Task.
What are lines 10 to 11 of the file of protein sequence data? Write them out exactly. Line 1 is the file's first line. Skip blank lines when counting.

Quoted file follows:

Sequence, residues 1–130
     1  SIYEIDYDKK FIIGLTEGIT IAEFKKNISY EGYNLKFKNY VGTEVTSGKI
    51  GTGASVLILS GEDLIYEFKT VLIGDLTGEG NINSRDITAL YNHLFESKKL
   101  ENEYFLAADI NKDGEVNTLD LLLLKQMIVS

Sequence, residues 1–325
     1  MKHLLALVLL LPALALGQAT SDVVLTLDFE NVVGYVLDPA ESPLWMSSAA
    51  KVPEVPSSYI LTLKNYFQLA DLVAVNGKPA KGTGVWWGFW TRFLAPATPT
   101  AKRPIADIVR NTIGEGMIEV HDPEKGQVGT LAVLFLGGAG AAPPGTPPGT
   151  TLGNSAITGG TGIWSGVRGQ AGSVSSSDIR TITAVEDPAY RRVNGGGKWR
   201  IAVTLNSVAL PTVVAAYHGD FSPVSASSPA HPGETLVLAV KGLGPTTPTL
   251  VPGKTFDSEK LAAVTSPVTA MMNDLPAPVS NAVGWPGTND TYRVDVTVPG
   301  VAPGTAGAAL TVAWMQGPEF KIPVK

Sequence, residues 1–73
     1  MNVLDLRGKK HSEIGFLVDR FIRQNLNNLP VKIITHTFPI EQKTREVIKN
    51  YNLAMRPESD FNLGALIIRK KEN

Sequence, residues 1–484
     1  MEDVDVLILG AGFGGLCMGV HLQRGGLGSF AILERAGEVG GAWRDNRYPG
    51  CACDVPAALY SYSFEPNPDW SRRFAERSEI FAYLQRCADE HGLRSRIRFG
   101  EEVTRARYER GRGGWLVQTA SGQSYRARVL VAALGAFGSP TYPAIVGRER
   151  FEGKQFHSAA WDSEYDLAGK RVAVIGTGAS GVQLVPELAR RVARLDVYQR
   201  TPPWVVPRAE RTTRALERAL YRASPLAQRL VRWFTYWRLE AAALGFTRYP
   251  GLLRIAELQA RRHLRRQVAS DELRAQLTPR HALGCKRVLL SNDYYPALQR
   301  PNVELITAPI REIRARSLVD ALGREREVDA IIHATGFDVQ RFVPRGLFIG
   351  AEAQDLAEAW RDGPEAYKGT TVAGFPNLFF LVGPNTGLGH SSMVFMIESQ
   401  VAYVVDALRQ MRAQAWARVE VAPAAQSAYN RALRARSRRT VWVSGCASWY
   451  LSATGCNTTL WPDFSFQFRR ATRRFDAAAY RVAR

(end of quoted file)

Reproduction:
   201  IAVTLNSVAL PTVVAAYHGD FSPVSASSPA HPGETLVLAV KGLGPTTPTL
   251  VPGKTFDSEK LAAVTSPVTA MMNDLPAPVS NAVGWPGTND TYRVDVTVPG